There are hard days. There are days where none of it seems worth it. There are days where getting out of bed is the hardest thing to do. But there are days where the sun shines on all of the beautiful things, and you face the world with a lion’s courage. In 10 years, maybe it won’t be as big of a deal when a trans kid wins homecoming queen or king because you will have helped to change the world into a place where that doesn’t matter.
By all means, cry. Feel your feelings. When you’re done, go back to being the fierce girl that you are. Don’t let the idiots win! You have so much to give.
I take things for granted. I think that’s part of the Western condition. We grow up thinking that our living conditions are unlikely to differ drastically from childhood into adulthood, and we count on that security. We are content. I’ve been thinking about this throughout my move in statements like “I’ll just buy it there,” and “I can always get another one.” There are some things for which these statements hold truth, but there are others where that is not the case.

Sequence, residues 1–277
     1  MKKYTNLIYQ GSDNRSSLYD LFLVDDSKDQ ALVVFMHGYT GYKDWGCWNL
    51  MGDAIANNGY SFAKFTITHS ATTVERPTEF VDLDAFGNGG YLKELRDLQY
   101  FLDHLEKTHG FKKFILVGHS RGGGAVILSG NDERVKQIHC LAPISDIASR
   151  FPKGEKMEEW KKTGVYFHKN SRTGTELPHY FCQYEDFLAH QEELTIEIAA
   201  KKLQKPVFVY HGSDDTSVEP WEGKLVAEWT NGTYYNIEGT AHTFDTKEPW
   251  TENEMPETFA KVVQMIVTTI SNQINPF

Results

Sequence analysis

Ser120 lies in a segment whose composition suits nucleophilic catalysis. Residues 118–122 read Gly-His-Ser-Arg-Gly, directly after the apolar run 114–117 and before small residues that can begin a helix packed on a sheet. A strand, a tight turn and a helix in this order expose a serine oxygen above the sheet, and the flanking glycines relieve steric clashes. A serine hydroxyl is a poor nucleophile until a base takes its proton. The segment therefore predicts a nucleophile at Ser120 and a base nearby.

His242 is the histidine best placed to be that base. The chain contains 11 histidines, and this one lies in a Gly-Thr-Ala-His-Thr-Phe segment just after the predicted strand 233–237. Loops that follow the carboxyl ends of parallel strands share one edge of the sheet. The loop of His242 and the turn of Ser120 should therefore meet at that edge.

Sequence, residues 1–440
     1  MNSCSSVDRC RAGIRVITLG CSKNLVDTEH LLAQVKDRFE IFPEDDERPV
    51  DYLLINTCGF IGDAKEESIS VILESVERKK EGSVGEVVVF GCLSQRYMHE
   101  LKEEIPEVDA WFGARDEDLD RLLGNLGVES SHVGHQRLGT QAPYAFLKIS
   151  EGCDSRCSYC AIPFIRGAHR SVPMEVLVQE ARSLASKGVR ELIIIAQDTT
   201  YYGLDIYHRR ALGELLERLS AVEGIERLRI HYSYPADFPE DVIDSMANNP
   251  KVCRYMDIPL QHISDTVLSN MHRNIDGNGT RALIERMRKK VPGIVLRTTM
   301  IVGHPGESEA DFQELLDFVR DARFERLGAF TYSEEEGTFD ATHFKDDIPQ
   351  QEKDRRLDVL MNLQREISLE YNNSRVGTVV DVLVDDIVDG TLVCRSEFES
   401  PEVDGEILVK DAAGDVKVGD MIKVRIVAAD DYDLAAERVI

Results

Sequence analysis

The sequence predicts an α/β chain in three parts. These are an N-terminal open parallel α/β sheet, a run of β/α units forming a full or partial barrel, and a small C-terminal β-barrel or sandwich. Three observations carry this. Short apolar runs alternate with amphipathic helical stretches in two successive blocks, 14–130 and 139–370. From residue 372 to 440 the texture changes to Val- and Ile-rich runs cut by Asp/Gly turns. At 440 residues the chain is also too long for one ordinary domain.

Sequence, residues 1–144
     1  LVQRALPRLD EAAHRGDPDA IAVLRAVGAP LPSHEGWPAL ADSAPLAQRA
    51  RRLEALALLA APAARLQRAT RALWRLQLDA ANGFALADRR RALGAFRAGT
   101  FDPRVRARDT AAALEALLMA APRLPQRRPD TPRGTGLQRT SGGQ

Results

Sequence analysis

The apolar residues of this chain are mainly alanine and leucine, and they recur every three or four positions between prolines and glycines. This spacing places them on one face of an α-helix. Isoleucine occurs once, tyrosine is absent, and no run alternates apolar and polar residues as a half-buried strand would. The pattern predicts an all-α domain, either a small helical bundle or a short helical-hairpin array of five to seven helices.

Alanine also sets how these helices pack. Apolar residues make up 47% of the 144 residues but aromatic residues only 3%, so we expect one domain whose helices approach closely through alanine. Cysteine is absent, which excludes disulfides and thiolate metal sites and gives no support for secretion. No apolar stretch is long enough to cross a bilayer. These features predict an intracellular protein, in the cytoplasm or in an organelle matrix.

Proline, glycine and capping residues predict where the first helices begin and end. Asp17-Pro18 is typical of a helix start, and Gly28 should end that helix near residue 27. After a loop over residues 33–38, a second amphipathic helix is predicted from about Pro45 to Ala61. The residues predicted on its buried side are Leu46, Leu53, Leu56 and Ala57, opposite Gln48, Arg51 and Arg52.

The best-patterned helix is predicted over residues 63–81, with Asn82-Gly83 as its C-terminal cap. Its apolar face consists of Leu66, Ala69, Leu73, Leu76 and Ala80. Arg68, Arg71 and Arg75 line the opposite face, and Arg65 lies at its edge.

Watertown was rocked by violence in the aftermath of the Boston Marathon bombing. Franklin street–my street–ended up the focal point of this mayhem as SWAT teams and police honed in to capture Dzhokhar Tsarnaev hidden in a boat. To hear my landlord tell the story is pretty amazing. The police hid in the driveway behind his car as SWAT teams and federal forces swarmed in from all directions. No one was sure of anything that day. The police had closed off a 20-block perimeter to search for Tsarnaev, but the perimeter started a block over from where he was hiding. They skipped Franklin street in all of their questioning and door-knocking. The man who found Tsarnaev was just out having a cigarette when he noticed that the shrink wrap on his boat had been disturbed. He then notified the authorities.
I take the way that my life functions on a daily basis for granted. I take for granted the fact that when I see or hear of bad news on the radio or TV that I can just turn it off. I tried to picture myself living in this house in April when all of this went down, unable to turn it off. I don’t know that I would have come out OK. It’s so easy to forget about this sort of thing when it’s not in my face, but when it’s there, I replay it until I can remember every thing down to the ways each time of day smelled. I think it’s the storyteller in me that wants to hold on to those types of details. I want to be able to relay them without any traces of trauma, but those tiny details are often triggers that inhibit my ability to process the story.